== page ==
Many small German companies – the mittelstand – are as Eurosceptic as the UK counterparts, and the EU would be well advised to listen to their concerns, writes Brian Caplen.

Everyone expected that in the campaign for the UK to remain inside the EU, business would be largely united in wanting to stay. But as the days to the June 23 referendum tick by it is becoming clear that business is seriously divided and that this is not just a UK phenomenon – many continental businesses are also sceptical. 

If the EU wants to regain its credibility, listening more carefully to the concerns of SMEs – which account for 67% of employment, 58% of value added and 99% of the total number of companies across the EU – would be a good place to start. 

Predictably, international banks and multi-national companies are strongly in favour of the UK staying inside the EU. The loss of passporting rights allowing London-based banks, including those from outside the EU, to sell services directly into the single market would be a major setback for the City of London.  The likely loss of clearing and settlement of euro transactions would also be highly damaging to the UK ‘s financial services sector, its most successful export business, as we report in The Banker’s June cover story. Hardly surprising, then, that Goldman Sachs, JPMorgan and Morgan Stanley are prominent funders of the remain campaign. 

Multi-nationals using the UK as a base to export throughout the EU, or as part of an EU-wide operation, as is the case with Nissan, Siemens and Schneider Electric, which are also firmly in favour of the UK staying part of the EU.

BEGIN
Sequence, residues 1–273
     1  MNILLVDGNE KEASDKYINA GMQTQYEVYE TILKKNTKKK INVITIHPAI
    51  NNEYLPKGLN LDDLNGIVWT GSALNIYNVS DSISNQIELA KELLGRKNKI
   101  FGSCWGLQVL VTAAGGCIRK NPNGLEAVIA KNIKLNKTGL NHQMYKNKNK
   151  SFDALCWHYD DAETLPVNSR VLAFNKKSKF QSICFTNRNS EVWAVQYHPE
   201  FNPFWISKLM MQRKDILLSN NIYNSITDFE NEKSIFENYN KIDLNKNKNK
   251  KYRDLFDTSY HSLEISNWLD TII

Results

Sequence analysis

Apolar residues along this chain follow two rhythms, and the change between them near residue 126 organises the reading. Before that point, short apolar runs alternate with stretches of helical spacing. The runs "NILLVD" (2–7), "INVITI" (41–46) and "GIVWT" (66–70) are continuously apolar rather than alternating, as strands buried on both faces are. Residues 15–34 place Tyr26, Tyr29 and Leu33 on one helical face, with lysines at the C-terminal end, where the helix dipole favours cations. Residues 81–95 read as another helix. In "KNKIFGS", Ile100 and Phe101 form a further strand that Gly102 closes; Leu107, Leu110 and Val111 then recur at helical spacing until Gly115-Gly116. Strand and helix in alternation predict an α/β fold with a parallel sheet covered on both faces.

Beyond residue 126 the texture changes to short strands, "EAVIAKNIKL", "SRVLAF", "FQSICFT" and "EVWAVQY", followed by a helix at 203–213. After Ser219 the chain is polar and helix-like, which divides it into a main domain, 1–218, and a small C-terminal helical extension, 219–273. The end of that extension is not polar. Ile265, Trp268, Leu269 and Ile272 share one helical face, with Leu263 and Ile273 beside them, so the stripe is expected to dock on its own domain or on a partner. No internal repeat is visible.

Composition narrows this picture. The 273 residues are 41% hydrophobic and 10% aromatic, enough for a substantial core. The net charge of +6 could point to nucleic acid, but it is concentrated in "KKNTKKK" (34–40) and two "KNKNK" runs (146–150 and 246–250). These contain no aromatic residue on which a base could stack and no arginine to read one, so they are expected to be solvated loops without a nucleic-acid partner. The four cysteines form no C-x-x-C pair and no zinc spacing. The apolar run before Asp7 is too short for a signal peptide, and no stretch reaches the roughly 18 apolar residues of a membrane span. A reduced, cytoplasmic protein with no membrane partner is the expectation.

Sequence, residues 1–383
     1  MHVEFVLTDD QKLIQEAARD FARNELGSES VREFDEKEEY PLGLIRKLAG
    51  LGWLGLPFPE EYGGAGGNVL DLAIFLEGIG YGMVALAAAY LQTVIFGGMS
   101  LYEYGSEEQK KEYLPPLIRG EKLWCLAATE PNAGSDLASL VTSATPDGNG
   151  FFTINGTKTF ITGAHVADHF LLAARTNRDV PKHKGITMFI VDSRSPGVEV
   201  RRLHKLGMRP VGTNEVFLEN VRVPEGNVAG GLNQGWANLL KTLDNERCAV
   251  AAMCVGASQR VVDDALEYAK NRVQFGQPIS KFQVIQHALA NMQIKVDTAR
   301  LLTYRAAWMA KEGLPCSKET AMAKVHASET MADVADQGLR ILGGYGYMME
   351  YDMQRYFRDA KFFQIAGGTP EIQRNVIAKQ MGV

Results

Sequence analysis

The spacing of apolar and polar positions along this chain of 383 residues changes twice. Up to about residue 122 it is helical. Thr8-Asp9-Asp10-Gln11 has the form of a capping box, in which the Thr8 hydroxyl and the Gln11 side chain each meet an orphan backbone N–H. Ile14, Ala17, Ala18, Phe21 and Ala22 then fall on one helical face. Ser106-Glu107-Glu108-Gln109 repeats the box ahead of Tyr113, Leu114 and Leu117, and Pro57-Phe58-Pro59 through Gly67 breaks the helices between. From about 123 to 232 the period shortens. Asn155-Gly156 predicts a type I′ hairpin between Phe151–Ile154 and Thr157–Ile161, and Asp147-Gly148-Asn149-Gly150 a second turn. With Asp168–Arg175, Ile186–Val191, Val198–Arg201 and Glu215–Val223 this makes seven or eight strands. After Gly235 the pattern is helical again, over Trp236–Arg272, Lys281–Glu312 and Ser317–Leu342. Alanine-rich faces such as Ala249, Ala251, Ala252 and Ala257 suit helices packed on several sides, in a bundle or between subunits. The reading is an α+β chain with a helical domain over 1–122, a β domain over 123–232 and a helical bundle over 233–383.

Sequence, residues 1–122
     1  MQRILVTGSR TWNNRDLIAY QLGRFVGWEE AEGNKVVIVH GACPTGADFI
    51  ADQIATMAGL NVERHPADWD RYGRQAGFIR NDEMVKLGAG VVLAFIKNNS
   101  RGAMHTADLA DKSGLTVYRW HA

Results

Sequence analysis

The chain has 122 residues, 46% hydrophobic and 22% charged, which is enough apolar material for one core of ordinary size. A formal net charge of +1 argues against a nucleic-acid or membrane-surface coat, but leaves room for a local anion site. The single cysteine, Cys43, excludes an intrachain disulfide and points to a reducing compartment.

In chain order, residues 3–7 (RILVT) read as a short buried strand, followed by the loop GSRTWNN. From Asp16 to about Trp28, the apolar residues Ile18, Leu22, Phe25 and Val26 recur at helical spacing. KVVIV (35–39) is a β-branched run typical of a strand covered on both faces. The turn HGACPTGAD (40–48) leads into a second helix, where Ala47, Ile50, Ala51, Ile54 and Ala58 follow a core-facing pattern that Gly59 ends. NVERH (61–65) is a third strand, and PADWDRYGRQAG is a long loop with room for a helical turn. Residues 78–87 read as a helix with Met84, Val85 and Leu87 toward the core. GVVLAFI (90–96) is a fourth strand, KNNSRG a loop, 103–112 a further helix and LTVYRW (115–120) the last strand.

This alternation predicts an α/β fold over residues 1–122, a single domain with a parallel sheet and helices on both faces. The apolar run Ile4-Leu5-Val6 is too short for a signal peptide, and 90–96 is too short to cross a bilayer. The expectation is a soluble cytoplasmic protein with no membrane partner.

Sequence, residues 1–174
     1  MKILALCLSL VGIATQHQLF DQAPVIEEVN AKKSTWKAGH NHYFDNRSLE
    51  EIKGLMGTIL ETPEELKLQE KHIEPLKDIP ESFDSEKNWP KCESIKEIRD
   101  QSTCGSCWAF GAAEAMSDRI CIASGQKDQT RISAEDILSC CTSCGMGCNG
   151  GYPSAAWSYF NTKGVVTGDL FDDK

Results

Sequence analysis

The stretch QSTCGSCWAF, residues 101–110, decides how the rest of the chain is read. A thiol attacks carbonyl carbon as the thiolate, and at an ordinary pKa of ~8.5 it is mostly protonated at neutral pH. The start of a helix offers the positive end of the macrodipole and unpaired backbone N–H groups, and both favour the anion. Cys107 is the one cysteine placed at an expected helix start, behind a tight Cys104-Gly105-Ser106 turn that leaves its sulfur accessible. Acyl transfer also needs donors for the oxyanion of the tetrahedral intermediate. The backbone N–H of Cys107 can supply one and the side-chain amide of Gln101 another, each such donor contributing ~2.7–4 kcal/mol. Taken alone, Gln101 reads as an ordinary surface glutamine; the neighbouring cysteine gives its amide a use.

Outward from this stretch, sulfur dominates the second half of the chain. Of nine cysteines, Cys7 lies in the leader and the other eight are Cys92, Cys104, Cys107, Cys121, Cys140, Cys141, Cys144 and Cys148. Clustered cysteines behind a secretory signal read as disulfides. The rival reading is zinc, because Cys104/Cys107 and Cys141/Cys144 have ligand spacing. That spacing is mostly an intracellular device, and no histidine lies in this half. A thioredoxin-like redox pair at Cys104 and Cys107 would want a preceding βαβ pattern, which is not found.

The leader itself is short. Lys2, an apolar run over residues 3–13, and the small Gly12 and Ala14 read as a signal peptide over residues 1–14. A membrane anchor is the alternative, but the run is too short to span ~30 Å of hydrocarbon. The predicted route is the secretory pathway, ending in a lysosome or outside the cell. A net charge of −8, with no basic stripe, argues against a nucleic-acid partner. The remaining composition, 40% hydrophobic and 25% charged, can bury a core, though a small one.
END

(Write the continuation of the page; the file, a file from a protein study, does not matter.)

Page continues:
But companies that are exporting outside the EU, to emerging markets such as India and China – hedge funds and spread betting companies which could arguably operate from anywhere and generally dislike too many rules, and small and domestic companies – are more likely to support the leave campaign. 

This is not just the UK being awkward. There are plenty of German mittelstand that have their own reservations about the EU and the euro. As far back as 2013, and before the eurozone crisis was as bad as it is now, a survey of the mittelstand showed that they were more interested in expanding outside the EU than within it.

Prior to this in 2011, according to a report in Spiegel Online, German SMEs reacted strongly to an advertising campaign that featured the bosses of several large listed companies declaring “there is no serious alternative to the common euro”. The Munich-based Foundation for FamilyBusinesses in Germany and Europe responded that “exit and expulsion from the currency union must be possible”. 

European Commission president Jean-Claude Juncker – to some the chief exponent of European federalism – recently said that the EU was interfering and regulating too much. Rolling back the regulations imposed on SMEs might be a good place to start the reforms.  

Brian Caplen is the editor of The Banker.

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